En del reagerte på det forrige innlegget jeg skrev, om at hvor alle gjør litt så oppnår vi også litt. Noen lurte på om jeg mente at jeg oppfordret til å ikke gjøre noen ting, og dessuten så er det sånn at alle monner drar... Som en oppføling til dette vil jeg nå dele utdrag fra kapitlet som heter Every BIG helps, som kanskje kan virke noe utdypende (og keep in mind: forrige innlegg var fra kapittel nummer 1 i boken Sustainable energy -without the hot air, mens dette er fra kapittel 19 – det er altså en god del informasjon og fakta i mellom disse to, sånn i tilfelle noe virker uklart...):
What are our options, if we wish to get off fossil fuels and live sustainably? We can balance the energy budget either by reducing demand, or by increasing supply, or, of course, by doing both.
Have no illusions. To achieve our goal of getting off fossil fuels, these reductions in demand and increases in supply must be big. Don’t be distracted by the myth that “every little helps”. If everyone does a little, we’ll achieve only a little. We must do a lot. What’s required are big changes in demand and supply.
“But surely, if 60 million people all do a little, it’ll add up to a lot?” No. This “if-everyone” multiplying machine is just a way of making something small sound big. The “if-everyone” multiplying machine churns out inspirational statements of the form “if everyone did X, then it would provide enough energy/water/gas to do Y”, where Y sounds impressive. Is it surprising that Y sounds big? Of course not. We got Y by multiplying X by the number of people involved – 60 million or so! Here’s an example from the Conservative Party’s otherwise straight-talking Blueprint for a Green Economy:
“The mobile phone charger averages around … 1 W consumption, but if every one of the country’s 25 million mobile phone chargers were left plugged in and switched on they would consume enough electricity (219 GWh) to power 66 000 homes for one year.”
66 000? Wow, that’s a lot of homes! Switch off the chargers! 66 000 sounds a lot, but the sensible thing to compare it with is the total number of homes that we’re imagining would participate in this feat of conservation, namely 25 million homes. 66 000 is just on quarter of one percent of 25 million. So while the statement quoted above is true, I think a calmer way to put it is:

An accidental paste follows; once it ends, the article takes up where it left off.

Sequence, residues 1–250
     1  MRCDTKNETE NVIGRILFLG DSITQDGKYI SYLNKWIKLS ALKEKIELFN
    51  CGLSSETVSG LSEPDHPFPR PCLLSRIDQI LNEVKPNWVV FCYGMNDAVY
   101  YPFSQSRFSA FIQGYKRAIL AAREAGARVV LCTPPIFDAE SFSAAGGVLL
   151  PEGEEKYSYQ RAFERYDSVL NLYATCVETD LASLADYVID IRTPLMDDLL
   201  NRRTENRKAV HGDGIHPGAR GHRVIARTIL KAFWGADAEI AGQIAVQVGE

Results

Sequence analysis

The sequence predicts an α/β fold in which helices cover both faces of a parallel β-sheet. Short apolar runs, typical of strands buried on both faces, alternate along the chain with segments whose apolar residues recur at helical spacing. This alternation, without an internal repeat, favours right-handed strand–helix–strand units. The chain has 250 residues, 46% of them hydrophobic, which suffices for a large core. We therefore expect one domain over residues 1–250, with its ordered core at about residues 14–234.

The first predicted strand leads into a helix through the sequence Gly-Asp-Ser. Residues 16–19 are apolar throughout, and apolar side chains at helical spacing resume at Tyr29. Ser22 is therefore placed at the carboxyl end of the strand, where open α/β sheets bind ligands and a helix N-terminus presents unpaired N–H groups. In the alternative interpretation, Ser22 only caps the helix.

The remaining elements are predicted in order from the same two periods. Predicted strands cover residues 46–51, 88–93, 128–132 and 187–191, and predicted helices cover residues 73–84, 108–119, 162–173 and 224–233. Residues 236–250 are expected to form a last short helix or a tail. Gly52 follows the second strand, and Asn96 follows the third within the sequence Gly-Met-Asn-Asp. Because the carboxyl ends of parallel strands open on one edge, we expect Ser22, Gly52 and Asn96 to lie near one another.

If you leave your mobile phone charger plugged in, it uses one quarter of one percent of your home’s electricity.
And if everyone does it?
If everyone leaves their mobile phone charger plugged in, those chargers will use one quarter of one percent of their homes’ electricity.
The “if everyone” multiplying machine is a bad thing because it deflects people’s attention towards 25 million minnows instead of 25 million sharks. The mantra Little changes can make a big difference is bunkum, when applied to climate change and power (NB: ikke makt, men kraft/energy 😉 ). It may be true that “many people doing a little adds up to a lot”, if all those “littles” are somehow focused into a single “lot” – for example, if one million people donate $10 to one accident victim, then the victim receives $10 million. That’s a lot. But power is a very different thing. We all use power. So to achieve a “big difference” in total power consumption, you need almost everyone to make a “big” difference to their own power consumption.
So, what’s required are big changes in demand and supply. Demand for power can be reduced in three ways:
- By reducing the population
- By changing our lifestyle
- By keeping our lifestyle, but reducing its energy intensity through “efficiency” and “technology”
Supply could be increased in three ways:
- We could get off fossil fuels by investing in “clean coal” technology. Oops! Coal is a fossil fuel. Well, never mind – let’s take a look at this idea. If we used coal “sustainably”, how much power could it offer? If we don’t care about sustainability and just want “security of supply”, could coal offer that?
- We could invest in nuclear fission. Is current technology “sustainable”? Is it at least a stop-gap that might last 100 years?
- We could buy, beg, or steal renewable energy from other countries – bearing in mind that most countries will be in the same boat as Britain and will have no renewable energy to spare; and also bearing in mind that sourcing renewable energy from another country doesn’t magically shrink the renewable power facilities required. If we import renewable energy from other countries in order to avoid building renewable facilities the size of Wales in our country, someone
have to build facilities roughly the size of Wales in those other countries.
Som jeg har sagt tidligere, alle virkelig burde lese denne. Du trenger tall og fakta, ikke at du føler at du gjør masse – du må vite hvor mye du gjør som er positivt og hvor mye du gjør som er negativt. Spesielt hvis det positive du gjør, får deg til å gjøre noe negativt – som kanskje er veldig mye verre enn det du gjorde på pluss-siden...(typ, du føler du gjør mye fordi du alltid sorterer søppel, så hvor ille er det egentlig med den ferien til USA da - det må du vel kunne gjøre med god samvittighet, siden alltid er så flink til å sortere og gjenvinne, sant?)
Skal vi få til endring så hjelper det ikke med små tiltak. Vi må gjøre STORE ting.